LAS VEGAS — Minnesota and North Dakota will renew one of college hockey’s best rivalries this Saturday night when the two face off in the U.S. Hockey Hall of Fame Game.
Unlike many of the past 295 times this pair has played, this game will be about as far away from their respective homes as possible.
The Orleans Arena at the Orleans Casino and Hotel in Las Vegas will be the venue, bringing a very different feel to the annual U.S. Hockey Hall of Fame Game while also capitalizing on a trendy hockey market.
Of course, last year’s Vegas Golden Knights team took the greater Las Vegas area by storm, winning the NHL’s Western Conference finals before ultimately losing to the Washington Capitals in the Stanley Cup final.
Overnight, Vegas turned from a city that might not know icing from offsides to becoming one of the most instantaneous hockey markets in the U.S.
When the Gophers and Fighting Hawks faceoff on Saturday, it will be the first of five Division I college hockey games to be played in Las Vegas this season. For the second straight year, the Ice Vegas Invitational will take place in January bringing Connecticut, Air Force, Western Michigan and St. Lawrence to Sin City for a four-game tournament.
But the question in a lot of people’s mind is whether Las Vegas might become an even more permanent market for college hockey.
Certainly, Vegas will a likely candidate for the next round of bidding for college hockey’s Frozen Four. The next open bid isn’t until 2023, though.
But the one major division I school in the city – the University of Nevada, Las Vegas, or UNLV – might be on track to follow the path of Arizona State and further expend college hockey south and west in the United States.
The Rebels are an upstart club hockey program, having played just four seasons at the ACHA level. The program, though, was formed with higher hopes than club hockey, that according to Zee Khan, a former player at Arizona State and the general manager of the UNLV club team, which currently plays at the ACHA Division I level.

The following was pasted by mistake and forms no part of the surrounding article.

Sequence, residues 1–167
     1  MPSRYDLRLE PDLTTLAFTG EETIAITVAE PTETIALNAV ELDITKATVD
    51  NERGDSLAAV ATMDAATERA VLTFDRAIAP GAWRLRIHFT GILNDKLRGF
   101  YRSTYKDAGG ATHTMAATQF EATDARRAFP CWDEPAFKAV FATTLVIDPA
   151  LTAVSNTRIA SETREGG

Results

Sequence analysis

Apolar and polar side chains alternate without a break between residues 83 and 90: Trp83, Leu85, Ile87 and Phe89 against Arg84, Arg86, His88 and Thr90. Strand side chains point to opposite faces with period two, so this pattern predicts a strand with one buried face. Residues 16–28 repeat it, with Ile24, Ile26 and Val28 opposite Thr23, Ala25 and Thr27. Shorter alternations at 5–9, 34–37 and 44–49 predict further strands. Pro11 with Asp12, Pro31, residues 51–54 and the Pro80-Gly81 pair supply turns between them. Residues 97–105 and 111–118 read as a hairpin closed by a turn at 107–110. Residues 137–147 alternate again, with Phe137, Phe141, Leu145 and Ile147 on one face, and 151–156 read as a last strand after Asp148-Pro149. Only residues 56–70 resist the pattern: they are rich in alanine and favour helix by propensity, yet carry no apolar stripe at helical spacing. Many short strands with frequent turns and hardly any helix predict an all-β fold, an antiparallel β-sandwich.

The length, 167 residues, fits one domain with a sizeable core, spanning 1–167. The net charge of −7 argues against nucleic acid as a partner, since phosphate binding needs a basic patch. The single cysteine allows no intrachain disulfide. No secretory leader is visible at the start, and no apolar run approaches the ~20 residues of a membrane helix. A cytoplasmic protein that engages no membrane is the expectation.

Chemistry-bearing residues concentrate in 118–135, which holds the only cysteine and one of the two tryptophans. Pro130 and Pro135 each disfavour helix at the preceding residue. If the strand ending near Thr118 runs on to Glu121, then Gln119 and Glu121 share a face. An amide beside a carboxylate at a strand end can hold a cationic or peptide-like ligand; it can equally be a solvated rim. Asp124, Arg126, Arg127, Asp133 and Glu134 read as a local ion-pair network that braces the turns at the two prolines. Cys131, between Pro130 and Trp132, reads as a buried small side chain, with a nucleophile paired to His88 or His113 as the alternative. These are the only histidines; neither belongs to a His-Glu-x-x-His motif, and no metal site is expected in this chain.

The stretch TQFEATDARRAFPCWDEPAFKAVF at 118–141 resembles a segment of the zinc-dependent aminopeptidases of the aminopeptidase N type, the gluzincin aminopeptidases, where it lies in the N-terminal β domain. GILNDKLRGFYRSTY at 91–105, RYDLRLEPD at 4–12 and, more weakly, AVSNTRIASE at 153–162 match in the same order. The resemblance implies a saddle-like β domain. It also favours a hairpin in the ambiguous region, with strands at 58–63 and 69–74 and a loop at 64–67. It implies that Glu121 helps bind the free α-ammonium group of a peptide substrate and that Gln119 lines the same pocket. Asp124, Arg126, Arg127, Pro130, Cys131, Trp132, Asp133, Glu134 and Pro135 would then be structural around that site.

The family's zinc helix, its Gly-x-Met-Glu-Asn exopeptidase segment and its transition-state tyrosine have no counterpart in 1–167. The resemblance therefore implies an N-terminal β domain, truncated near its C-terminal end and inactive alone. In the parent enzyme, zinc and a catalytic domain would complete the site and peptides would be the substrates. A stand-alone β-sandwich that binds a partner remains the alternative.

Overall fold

Khan was brought in by a group of passionate hockey fans in the Vegas desert who watched Arizona State create the blueprint for moving from club hockey to NCAA Division I.
The school began ACHA play in Division II, qualified for the national tournament at that level, moved to ACHA Division I last season and is now considered a perennial contender in that tournament.
Khan says while the vision has always been to someday play NCAA Division I, the success of the Vegas Golden Knights in season one has lit a fire under many in the city, particularly the fan base.
“We were coming up before that,” said Khan of the Golden Knights success. “We were kind of establishing a brand. Our vision was to always end up like [Arizona State].
“Obviously me playing at ASU, my two younger brothers went to ASU and my youngest won [an ACHA] national championship there when they were a club. We’ve been attached to that program for a long time so our natural model is to say, ‘Hey, let’s do what they did.’”
Khan says that a lot of the infrastructure is getting into place. Currently recruiting is mostly relationship-based and 90 percent of their players played Junior A hockey prior to arriving in Las Vegas. Additionally, more than 70 percent of the roster hails from Western Canada.
“We’re getting a lot of those kids who are left out because there just aren’t enough jobs at [NCAA] Division I college hockey,” Khan said. “We have a lot of those players from western Canada who didn’t grow up in New England or go to a NESCAC school and they want to play at that small school. They come here and they get a very good college hockey experience. It’s the same thing they’re selling in Tempe right now: you get the sun, you get the sandals, in January you get to golf, and then you get to play college hockey in front of a packed building every night.”
The packed building might be the most eye-opening concept for UNLV. They play their games at the City National Arena, which is about a 20-minute drive from the Las Vegas Strip and 30 minutes from campus. The building is also the Golden Knights practice facility and was newly built just two years ago.
Khan says most games sell out with ticket prices ranging between $16 and $40. On nights when the Golden Knights are playing on the road, the stands are bubbling over with fans who want to watch UNLV play and then catch the Golden Knights on TV at the large sports bar that sits at the top of the arena.
“[The Golden Knights] is a hard ticket to get now, so we’ve become an alternative to people who love watching hockey or want to learn the game,” said Khan. “They’re coming to our games now.”
As any fan who has followed NCAA hockey in recent years understands, one of the greatest barriers for schools to move from club hockey to NCAA Division I is the cost. If you don’t have a Terry Pegula like Penn State did, you need to find numerous donors who can create the seed money to get the program off the ground.